March 2, 1943 to 1987

The extent of devastation revealed on the morning of March 2, 1943 was described by Pilger (1953a: 4). The eastern part of the Botanical Museum housing the library and the bulk of the herbarium had been burnt out, as well as the workrooms in the central part of the building. Only those collections that had been kept in the basement and in the west wing of the Museum were saved.

Since it was not possible to store the collections that survived in the less damaged parts of the building this material was evacuated eventually to seven different locations (Pilger 1953a: 18 f.). The most important collections - the Herbarium Willdenow, the ca. 20,000 types of Phanerogams that were saved, duplicates of valuable collections etc. - were stored in a mine at Bleicherode in Thuringia. Also kept at the same place were the very large collections that had been handed over to the Berlin Museum in 1944 from the Zoologisch-Botanische Gesellschaft in Vienna and the Botanical Institute of the University of Vienna, namely large parts of the broken up herbarium of the Zoologisch-Botanische Gesellschaft (cf. Lack 1980), Herbarium Ullepitsch (Lack & Wagner 1985), Herbarium Reuss and other collections.

The fate of each of the evacuated collections was different: The Hieracium collections moved to Eberswalde and the Lichen herbarium of J. Hillmann stored in the church of Buckow were destroyed by fire. The large herbarium of the Naturhistorischer Verein für die Preussischen Rheinlande und Westfalen evacuated to the Erwin Baur Institute at Müncheberg was removed by the Soviet authorities to an unknown destination and, in 1964, presented to the Humboldt University in East Berlin. In 1993 this collection came back to B when the BHU herbarium was incorporated.

The extraordinarily valuable collections at Bleicherode, which were also missing since March 1946, turned up again in the former Staatsbibliothek in the Soviet sector of Berlin at the end of 1947. Because the Botanical Museum was located in the American sector it was separated in March 1946 from the University, the center of which was in the Soviet sector. Because of this situation the authorities of the University did not want to return the collections to the Botanical Museum. After some difficult negotiations the material came back in March 1948 in exchange for the library of the Institute of Physics of the Berlin University which had been evacuated to Dahlem during the war. The entire collection of Pteridophytes came back even later.

The Director of the Museum at that time was R. Pilger, successor to Diels who had died in November 1945. Pilger - who in 1946 was already 70 years old - bore the burden of post-war rebuilding until the end of 1950, aided only by some of the old staff members. The restoration of the two surviving wings of the Museum was very slow and only more or less finished in the middle of the 1950s. Therefore it was not possible to appoint a new director before 1955. The scientific staff had been reduced to 8 persons. From 1950 to the present there were nine changes in the directorship. In addition to E. Werdermann (1892-1959), H. Melchior (1894-1984), and W. Domke (1899-), Th. Eckardt (1910-1977) who led the Botanical Museum for 13 years should be mentioned especially. His was the longest period of directorship after the war.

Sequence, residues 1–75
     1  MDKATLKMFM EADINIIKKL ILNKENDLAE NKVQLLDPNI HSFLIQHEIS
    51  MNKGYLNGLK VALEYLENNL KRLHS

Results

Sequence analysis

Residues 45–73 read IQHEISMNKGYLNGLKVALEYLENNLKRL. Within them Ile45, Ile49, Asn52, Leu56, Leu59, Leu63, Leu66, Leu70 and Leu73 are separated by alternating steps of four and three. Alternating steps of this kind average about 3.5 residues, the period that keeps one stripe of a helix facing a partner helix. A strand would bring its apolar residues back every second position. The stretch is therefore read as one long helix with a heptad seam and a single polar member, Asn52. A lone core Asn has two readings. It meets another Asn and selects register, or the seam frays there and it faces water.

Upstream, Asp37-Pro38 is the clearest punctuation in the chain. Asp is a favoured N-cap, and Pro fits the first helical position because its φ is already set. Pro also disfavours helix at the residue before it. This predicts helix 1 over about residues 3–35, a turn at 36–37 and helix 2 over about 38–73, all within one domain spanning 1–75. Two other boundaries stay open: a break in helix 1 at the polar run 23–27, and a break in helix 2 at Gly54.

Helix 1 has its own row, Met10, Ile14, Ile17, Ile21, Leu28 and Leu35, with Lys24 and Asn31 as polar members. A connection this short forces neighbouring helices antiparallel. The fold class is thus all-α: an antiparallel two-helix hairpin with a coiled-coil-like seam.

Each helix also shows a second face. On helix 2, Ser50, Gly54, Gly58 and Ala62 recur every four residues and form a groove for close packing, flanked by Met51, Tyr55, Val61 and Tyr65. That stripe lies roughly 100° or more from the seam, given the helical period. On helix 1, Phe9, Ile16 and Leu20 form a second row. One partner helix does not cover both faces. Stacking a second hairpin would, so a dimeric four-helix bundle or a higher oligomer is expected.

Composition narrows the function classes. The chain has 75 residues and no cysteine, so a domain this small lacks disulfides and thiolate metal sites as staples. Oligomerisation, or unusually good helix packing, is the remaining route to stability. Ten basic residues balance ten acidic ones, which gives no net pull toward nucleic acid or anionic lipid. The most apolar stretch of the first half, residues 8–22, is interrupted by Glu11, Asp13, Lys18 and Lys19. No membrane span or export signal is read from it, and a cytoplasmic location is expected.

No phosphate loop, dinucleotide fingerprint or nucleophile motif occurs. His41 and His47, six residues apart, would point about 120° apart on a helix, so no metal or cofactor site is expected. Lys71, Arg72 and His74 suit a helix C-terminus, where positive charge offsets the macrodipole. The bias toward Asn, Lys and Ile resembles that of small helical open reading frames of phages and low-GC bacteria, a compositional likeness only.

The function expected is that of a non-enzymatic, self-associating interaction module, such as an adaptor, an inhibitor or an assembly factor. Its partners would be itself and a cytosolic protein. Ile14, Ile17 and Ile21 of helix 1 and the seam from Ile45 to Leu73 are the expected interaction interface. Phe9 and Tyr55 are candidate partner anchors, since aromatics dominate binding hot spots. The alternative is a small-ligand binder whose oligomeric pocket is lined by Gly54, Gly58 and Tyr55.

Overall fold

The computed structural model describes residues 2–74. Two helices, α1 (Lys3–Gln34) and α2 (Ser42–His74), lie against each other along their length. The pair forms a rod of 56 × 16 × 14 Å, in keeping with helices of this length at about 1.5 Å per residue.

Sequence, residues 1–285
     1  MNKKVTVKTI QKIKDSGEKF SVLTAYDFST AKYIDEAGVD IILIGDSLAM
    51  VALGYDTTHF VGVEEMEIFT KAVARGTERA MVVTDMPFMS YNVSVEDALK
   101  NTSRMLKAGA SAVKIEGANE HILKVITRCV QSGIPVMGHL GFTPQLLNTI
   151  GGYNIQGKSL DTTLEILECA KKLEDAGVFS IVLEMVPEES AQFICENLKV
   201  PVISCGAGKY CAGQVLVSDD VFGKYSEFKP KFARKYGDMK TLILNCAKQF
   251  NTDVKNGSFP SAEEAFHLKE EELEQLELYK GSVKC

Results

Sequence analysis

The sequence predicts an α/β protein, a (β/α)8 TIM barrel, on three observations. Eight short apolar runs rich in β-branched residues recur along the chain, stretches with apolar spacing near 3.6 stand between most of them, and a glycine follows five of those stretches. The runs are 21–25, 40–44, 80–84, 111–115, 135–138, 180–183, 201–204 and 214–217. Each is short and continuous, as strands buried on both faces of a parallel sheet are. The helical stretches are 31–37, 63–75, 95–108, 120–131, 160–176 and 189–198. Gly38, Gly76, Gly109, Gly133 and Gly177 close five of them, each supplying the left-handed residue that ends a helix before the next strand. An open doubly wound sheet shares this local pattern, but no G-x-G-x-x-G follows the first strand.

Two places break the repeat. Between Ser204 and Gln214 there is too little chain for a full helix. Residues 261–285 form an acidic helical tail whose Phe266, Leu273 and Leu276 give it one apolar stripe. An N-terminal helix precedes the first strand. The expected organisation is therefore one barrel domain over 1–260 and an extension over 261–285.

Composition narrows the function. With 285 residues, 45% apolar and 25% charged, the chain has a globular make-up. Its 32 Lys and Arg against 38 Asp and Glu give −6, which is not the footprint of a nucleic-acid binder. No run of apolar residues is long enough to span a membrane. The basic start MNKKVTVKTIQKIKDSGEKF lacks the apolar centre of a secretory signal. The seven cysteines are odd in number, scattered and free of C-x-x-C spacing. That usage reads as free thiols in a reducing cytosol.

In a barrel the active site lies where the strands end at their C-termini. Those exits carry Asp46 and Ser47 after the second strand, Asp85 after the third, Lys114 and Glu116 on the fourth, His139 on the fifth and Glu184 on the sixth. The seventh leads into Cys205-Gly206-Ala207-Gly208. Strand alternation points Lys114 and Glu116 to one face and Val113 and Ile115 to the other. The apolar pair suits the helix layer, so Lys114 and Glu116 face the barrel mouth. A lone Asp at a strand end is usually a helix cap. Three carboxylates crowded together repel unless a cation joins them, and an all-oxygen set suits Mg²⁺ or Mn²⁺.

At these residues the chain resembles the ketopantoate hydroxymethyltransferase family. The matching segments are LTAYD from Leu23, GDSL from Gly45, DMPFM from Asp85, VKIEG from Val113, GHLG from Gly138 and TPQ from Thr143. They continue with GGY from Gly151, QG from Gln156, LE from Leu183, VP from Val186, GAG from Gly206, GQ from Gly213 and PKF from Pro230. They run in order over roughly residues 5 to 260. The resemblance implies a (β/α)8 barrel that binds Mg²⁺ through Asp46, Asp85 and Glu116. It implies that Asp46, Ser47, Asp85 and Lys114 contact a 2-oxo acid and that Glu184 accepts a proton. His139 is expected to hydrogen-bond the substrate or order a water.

Since 1960 it was possible to enlarge the scientific staff to 17 botanists. However, the reconstruction of the building for the herbarium and library could not - despite of several attempts - be turned into reality. During the tercentenary celebration of the Berlin Botanical Garden in 1979 a new building was again promised and, finally, in 1987, under the directorship of W. Greuter, the collections were moved into the new wing.

The rebuilding of the herbarium was started soon after the 1943 destruction from some European collections that remained at Berlin (e.g., the herbaria of Engelhardt, Beger, and Bothe). The fast growth of the holdings of the Botanical Museum in the following years was only possible through generous gifts from friendly institutions and botanists. For example, specimens came from the collections of the Botanical Institute of the Faculty of Agronomy of the Berlin University and from the University at Marburg as well as large collections from Vienna. Other sources of new material were specimens generously sent as gifts or in exchange soon after the war from American and British herbaria. The large herbarium of Bornmüller, including many types especially from S. W. Asia, is one of the most important collections in the new Berlin herbarium (cf. Wagenitz 1960).

Collection trips organized by the Botanical Museum were for a long time taken only to European countries. Since 1972 several expeditions have been carried out in the Republic of Togo, to contribute to the exploration of this botanically relatively poorly known West African country. The result of this project, a "Flore analytique du Togo", was published in cooperation with the University at Lomé (Brunel et al. 1985).

The herbarium of the Botanical Museum Berlin-Dahlem (B) now contains about 3 million specimens. In the systematic section's pages, as well as under "Selected collections acquired" (see the herbarium menu) a survey of holdings of the different plant groups in the general herbarium is given, emphasizing the parts of the old collections that were saved in 1943 (cf. Hiepko 1978) which according to Sleumer (1949: 173) was estimated to be "more than half a million sheets."

Nevertheless it must be stressed that because of the confusion during and after the war this compilation cannot be complete and that it is necessary to check each individual case in the herbarium to be sure whether or not a type was saved.